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Darwin Correspondence Project

To Fritz Müller   11 February 1868

Down. | Bromley. | Kent. S.E.

Feb. 11. 1868

My dear Sir,

I am working on Sexual Selection, and am much interested in the Subject. You will remember my asking you about the colours of the Sexes in the lower animals and you gave me some information.1 I now want especially to know any cases of inequality in the number of the two Sexes in any of the lower animals; Especially of cases in which the females are in excess. I want to see the bearing of such facts on Sexual Selection   Any facts in relation to the males fighting or of the attachment of the male to the female would be very useful to me.

Have you ever observed anything in regard to the musical powers of male insects? In short I should be grateful for any hints whenever you might have the time and inclination to write to me on the Subject. I well know that your kindness is unbounded and I fear it makes me rather unreasonable.

My new Book has sold very well, the whole Edition of 1500 copies being disposed of during the first week.2

Believe me, my dear Sir | to be yours very Sincerely | Charles Darwin

I think you mentioned in one of your letters some Crustaceans in which the sexes were very unequal in number. Was it the extraordinary Crustacean with dimorphic males? I am going to look through your Book “Fur Darwin”.3 I know of course the case of the Gelasimus (which differs much in colour in the two sexes) mentioned in your letter of April 1. 1867, in which you say the male much the most abundant; but I think(?) you have mentioned other cases.—4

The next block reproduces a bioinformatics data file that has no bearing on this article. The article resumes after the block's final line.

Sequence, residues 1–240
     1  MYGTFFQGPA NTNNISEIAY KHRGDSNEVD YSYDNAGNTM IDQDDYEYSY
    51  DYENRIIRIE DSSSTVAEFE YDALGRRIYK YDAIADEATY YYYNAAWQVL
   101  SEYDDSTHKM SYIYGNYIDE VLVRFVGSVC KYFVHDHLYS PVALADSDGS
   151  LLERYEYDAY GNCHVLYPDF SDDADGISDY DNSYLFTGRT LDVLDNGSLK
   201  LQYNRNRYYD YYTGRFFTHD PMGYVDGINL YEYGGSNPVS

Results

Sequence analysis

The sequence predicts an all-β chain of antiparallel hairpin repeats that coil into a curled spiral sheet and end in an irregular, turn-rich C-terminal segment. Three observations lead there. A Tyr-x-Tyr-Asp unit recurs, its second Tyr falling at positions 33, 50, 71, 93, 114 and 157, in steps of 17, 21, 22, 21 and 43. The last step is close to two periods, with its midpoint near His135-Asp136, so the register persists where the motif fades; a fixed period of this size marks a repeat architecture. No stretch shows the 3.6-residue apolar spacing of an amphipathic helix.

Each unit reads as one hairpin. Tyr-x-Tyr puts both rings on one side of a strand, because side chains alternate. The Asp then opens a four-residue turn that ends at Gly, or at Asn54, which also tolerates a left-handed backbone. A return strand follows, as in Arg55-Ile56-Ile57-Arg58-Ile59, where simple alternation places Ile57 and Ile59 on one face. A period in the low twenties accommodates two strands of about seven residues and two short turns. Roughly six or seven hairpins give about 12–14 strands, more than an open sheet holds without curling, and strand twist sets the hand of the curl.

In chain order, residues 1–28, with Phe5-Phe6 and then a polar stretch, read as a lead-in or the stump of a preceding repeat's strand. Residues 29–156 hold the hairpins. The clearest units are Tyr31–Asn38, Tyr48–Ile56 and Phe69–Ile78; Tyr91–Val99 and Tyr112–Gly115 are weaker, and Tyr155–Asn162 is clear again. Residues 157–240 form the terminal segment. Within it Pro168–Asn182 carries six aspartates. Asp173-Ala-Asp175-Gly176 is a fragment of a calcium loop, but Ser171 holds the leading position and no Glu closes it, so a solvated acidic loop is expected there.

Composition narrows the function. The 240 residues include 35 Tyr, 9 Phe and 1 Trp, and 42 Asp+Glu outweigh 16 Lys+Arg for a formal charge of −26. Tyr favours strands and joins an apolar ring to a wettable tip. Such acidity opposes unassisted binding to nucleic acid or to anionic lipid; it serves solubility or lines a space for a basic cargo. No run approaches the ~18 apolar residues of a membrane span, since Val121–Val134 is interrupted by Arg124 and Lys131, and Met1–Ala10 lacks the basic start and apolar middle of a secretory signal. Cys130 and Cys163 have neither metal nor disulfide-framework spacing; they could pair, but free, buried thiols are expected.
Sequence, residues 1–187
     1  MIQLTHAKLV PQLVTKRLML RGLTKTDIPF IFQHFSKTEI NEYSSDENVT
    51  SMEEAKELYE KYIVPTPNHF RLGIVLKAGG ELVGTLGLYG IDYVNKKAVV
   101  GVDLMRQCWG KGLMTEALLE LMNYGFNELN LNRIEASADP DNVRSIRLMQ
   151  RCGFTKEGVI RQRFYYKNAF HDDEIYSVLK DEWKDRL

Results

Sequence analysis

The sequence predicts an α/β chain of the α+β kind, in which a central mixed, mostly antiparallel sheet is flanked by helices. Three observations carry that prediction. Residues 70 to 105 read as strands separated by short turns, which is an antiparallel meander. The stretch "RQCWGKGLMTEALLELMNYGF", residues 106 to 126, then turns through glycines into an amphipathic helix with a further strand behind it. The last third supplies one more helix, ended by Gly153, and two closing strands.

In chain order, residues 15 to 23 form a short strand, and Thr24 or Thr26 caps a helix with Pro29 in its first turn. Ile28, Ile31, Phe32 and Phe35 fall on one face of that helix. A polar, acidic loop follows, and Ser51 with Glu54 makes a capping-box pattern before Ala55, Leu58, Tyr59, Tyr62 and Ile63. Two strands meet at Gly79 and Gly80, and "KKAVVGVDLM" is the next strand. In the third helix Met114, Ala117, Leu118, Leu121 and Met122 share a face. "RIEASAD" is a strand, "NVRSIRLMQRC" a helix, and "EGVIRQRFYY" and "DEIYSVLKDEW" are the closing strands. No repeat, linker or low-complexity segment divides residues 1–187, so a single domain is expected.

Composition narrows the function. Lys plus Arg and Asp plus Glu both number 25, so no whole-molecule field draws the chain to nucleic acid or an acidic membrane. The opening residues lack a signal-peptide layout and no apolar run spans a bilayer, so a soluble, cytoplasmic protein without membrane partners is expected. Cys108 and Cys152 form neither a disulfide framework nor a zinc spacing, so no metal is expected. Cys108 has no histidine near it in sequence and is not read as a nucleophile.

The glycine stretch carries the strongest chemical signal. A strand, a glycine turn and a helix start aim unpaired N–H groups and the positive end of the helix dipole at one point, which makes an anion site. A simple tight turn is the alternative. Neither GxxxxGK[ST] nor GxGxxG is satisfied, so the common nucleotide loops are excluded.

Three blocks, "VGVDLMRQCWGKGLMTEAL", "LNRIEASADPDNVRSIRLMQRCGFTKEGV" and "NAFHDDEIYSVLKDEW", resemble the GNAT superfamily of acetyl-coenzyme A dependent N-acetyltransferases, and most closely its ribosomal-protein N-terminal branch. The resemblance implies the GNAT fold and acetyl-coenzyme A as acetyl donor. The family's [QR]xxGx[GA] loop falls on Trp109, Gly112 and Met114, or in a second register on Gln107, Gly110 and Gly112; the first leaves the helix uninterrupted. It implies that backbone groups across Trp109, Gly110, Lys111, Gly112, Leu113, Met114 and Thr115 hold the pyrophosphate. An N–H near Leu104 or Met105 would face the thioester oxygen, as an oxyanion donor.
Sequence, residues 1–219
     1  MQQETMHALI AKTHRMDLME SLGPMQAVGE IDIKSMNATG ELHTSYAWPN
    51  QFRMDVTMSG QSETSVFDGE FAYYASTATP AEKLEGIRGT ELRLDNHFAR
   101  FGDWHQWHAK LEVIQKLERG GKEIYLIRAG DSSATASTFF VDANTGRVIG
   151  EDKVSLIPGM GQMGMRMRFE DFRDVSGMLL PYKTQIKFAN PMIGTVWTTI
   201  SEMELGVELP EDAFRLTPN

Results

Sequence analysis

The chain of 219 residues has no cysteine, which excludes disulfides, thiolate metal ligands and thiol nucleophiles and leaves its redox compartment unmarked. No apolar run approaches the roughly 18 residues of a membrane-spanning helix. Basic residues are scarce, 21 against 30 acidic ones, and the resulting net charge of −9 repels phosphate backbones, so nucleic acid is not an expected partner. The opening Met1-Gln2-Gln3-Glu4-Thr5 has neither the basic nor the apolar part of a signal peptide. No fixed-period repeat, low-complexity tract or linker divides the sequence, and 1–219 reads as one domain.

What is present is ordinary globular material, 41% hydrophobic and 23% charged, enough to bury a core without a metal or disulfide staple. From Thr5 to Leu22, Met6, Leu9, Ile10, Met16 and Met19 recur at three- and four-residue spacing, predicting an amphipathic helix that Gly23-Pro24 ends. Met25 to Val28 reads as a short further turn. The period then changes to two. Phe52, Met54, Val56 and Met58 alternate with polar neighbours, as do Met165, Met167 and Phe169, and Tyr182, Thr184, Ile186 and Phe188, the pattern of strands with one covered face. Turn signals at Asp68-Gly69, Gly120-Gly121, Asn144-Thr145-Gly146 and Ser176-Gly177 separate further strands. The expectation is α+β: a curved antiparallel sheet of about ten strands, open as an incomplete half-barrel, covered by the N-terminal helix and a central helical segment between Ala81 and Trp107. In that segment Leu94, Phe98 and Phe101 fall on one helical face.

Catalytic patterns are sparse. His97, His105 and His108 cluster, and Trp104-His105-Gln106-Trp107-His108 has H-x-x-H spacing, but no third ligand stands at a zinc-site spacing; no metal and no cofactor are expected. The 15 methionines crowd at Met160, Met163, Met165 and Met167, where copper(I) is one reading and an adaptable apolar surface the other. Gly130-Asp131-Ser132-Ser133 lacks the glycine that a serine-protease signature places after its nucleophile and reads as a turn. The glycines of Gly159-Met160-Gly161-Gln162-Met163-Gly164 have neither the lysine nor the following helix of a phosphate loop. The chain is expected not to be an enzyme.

On the sale of Variation, see the letter from John Murray, 6 February [1868].
The information on the proportion of the sexes in Crustacea may have been in a missing portion of one of Müller’s letters. CD had written to Müller about the dimorphic males in Tanais, which Müller had first described in Für Darwin (F. Müller 1864); see Correspondence vol. 13, letter to Fritz Müller, 10 August [1865]. Müller’s reply, dated 10 October 1865, has a portion missing.
Gelasimus is now Uca. See Correspondence vol. 15, letter from Fritz Müller, 1 April 1867. The case of Gelasimus is mentioned in Descent 1: 315.


Is working on sexual selection and is interested in any anomalous sex ratios in lower animals and any sex-related characters.

Letter details

Letter no.
Charles Robert Darwin
Johann Friedrich Theodor (Fritz) Müller
Sent from
Source of text
British Library (Loan 10:21)
Physical description

Please cite as

Darwin Correspondence Project, “Letter no. 5860,” accessed on 26 June 2017,

Also published in The Correspondence of Charles Darwin, vol. 16